My friends and I joke that as punk rockers, you either have no children or more kids then you need. I fall into the latter category with four hellions: two boys (12 and 10) and
My friends and I joke that as punk rockers, you either have no children or more kids then you need. I fall into the latter category with four hellions: two boys (12 and 10) and two girls (8 and almost 7.) My oldest son falls on the mild end of the Autism spectrum and doesn’t care for music as it’s too much auditory stimulation for him. It broke my heart in the beginning, but I’ve accepted it over the years. My younger three kids definitely caught my music bug and I started taking them to shows here and there about two years ago. I also recently had a heated discussion with a woman in a group about taking children to shows, so I thought maybe I should talk about my experiences here for people who are on the fence.
Tip #1: Keep It Simple
The first show that I tested with the kids was a free Sunday concert in the park in the Pittsburgh area. It also just so happened to be Toots and the Maytals, who are a staple at my house. This was perfect as an experiment, because first of all…. it was free. So if it turned out to be a complete disaster, no money wasted. It was also in a huge field so the kids could run around and play and not be a burden on other people. I was able to pick up a couple pizzas in route and we spread out a blanket and ate while we waited for the music to start. Over all it went fairly well. The kids tired out about halfway through the set and we packed up early to head out, but they had a blast dancing along to the tunes.
Tip #2: Do Your Research
The next show that I attempted did not have the same results. We went to Mr Smalls to catch RatBoy, Masked Intruder, and the Interrupters. My kiddos were beyond excited and had been waiting for this since Christmas morning. We hung out to the side, far enough away from the pit to keep the kids safe, but that did not stop some woman from shoving my daughter out of her way to get closer to the stage once Masked Intruder started. As she passed, she caught an elbow to the gut from me (yes, I’m immature) and words from a guy standing next to us. I moved the kids further away from the chaos and this guy’s group surrounded them so that wouldn’t happen again. It was worse for the Interrupters so we bailed. We went and hung out at the merch area where I could still see and my kids could have shirts and posters thrown at them like they were royalty. Seriously guys… People would walk up to them and ask them which shirt they wanted! wth? HUGE shoutout to Brock, who ran the Interrupters merch table cos he was amazing with my kids and called them his security.
The silver lining of that show is that we were told to stick around afterward. We got in line with other families and anyone else who may have had a harder time seeing the show, such as individuals in wheelchairs. Then we got to meet them!! They were the nicest group of people and took a picture of us in our matching shirts that were made by a small business artist. It was a fun night and had an amazing outcome, but it definitely was not a great show for kids. Had I gone back and read comments left by other people about previous shows, like I did later, I would have had a better idea of what to expect.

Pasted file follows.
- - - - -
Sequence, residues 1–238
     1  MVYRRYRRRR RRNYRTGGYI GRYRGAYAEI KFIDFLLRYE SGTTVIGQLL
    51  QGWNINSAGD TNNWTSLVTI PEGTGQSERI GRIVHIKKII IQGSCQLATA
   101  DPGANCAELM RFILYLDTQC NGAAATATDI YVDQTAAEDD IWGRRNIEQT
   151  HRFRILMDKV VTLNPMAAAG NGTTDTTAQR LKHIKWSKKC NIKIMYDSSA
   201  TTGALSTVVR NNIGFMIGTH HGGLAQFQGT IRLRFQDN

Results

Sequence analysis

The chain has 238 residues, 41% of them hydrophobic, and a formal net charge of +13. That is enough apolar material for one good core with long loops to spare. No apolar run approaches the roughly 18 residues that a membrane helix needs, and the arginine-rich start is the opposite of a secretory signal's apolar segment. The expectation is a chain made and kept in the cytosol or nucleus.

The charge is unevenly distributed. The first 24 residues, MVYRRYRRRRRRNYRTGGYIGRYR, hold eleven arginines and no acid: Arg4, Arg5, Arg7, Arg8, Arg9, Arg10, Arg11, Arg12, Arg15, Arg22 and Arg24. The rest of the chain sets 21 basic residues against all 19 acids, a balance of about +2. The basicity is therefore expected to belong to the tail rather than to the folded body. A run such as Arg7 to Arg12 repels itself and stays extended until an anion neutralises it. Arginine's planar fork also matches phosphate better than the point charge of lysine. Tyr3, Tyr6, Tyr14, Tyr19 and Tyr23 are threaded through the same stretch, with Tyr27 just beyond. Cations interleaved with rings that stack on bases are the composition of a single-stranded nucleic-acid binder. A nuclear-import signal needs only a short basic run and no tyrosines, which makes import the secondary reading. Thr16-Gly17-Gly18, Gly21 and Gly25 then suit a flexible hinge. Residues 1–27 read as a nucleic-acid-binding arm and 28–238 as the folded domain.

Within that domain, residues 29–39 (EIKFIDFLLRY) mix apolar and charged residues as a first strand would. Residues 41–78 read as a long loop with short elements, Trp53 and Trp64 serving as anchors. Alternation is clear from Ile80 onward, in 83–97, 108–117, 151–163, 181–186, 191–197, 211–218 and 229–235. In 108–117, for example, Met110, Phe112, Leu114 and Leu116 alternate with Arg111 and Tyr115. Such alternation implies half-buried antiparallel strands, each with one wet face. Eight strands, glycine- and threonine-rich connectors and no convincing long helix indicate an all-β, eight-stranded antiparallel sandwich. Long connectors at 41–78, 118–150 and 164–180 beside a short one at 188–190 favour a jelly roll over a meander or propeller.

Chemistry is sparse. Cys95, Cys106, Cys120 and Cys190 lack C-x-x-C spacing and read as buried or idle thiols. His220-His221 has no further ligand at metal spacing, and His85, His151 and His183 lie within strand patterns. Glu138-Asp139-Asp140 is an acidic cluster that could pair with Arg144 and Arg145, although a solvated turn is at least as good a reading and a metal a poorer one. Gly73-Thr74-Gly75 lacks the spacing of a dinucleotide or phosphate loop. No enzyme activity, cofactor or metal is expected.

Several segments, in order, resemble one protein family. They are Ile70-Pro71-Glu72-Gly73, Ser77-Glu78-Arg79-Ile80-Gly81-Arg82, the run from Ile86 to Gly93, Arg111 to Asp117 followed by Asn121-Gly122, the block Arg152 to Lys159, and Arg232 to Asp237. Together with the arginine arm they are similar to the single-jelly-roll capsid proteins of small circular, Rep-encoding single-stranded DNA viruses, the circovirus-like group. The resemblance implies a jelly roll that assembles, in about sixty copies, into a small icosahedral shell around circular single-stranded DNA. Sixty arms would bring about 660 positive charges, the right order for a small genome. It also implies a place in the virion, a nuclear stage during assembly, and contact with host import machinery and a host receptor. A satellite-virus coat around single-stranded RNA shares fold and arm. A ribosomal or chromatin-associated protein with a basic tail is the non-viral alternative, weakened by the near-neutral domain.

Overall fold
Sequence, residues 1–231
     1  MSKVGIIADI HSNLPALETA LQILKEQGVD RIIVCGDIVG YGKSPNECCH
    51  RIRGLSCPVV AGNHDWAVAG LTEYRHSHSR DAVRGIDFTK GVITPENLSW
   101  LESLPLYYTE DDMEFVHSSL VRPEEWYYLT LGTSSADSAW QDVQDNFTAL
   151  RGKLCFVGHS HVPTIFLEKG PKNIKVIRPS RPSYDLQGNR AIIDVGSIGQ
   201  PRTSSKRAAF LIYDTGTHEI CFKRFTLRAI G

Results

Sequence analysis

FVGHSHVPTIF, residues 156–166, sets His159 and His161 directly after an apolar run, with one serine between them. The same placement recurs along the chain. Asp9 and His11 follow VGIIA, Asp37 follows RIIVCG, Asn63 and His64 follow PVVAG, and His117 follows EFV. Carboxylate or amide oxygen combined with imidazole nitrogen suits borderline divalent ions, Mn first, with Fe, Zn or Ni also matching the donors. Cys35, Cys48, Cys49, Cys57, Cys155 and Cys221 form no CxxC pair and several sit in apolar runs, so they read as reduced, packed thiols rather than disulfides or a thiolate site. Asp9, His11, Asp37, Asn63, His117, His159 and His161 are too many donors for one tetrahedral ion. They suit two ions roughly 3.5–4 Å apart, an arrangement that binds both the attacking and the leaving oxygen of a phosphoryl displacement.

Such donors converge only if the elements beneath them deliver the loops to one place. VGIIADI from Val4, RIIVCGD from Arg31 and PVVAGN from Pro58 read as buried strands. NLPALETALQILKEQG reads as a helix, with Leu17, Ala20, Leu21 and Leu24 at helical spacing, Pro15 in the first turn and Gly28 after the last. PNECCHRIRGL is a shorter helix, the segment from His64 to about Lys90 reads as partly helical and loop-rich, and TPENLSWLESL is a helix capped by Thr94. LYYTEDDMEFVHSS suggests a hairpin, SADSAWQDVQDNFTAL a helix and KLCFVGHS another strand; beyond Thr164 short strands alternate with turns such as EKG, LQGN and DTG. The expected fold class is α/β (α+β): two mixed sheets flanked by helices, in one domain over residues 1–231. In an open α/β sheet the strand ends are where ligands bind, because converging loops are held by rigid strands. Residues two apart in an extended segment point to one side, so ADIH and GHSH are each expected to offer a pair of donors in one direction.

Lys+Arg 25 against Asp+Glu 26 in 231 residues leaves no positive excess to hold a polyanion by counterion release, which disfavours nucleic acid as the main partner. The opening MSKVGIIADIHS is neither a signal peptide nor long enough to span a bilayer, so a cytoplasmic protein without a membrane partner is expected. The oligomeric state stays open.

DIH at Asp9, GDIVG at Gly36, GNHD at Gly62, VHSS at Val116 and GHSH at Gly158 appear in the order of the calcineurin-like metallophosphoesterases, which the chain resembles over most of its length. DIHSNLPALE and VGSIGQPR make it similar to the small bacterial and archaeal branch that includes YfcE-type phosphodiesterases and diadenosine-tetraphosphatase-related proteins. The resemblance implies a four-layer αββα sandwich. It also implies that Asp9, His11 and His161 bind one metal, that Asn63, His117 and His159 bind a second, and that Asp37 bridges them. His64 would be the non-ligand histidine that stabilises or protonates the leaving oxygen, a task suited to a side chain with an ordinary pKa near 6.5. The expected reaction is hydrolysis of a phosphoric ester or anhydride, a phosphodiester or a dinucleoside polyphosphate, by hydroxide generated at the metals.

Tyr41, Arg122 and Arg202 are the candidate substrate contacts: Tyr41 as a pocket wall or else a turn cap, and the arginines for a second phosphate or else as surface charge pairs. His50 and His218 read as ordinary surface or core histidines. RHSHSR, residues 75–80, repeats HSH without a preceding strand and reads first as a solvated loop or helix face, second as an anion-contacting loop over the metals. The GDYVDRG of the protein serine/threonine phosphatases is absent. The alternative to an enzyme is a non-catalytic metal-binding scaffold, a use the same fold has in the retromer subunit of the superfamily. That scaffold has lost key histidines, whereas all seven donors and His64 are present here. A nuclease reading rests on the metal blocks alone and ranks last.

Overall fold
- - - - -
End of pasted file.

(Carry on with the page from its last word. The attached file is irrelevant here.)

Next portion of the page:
Tip #3: Be Prepared
This includes bringing snacks, drinks, candy, etc when allowed and never forgetting ear plugs. Most venues typically offer them, but it helps just to keep a few pairs in your glove box. In my opinion, if your kids don’t go to shows often, then ear plugs are just fine. But, if they frequently tag along, then it’s probably best to invest in some better quality, noise-muffling headphones. It’s also crucial to occupy them before, during, and after the show. The last thing you want is for the band to play your favorite song and your kid is over it all and wants to leave. At Camp Anarchy last summer there was a guy with a young boy on his shoulders with a squirt gun and a bunch of straws connected together so he could reach his drink. That kid had a blast shooting the crowd, we appreciated the brief spray to cool down, and that dad got to enjoy the Suicide Machines properly. Though I’ve had kids on my shoulders during shows and you feel that shit hard the next day. I hope that guy read this cos he’s my hero!!!
Tip #4: Be Responsible
This one is kinda duh, but worth a mention. There was a reason that I did not take my kids with me to Camp Anarchy. I wanted to act stupid, dance to my favorite bands, barely sleep, and live on water and oranges. None of that would have been possible with little watchful eyes, constant potty breaks, starving bellies, and grumpy attitudes. Therefore, I left them at home and acted like a child myself for three days. It rarely happens. Cut me some slack. This is a great community and people have always looked out for each other in my experience, but it is not their job to keep your children safe. That’s on you so please act accordingly.
So should you take your kids to shows?? Absolutely. Just start small, know your kiddos (and your own!) limitations, and be prepared to bail if necessary. Just like as adults, not every show is gonna be a winner, but I promise you will create lasting memories either way!!!
Anyone have anything to add to this to make life easier?? Please… tell us!!!!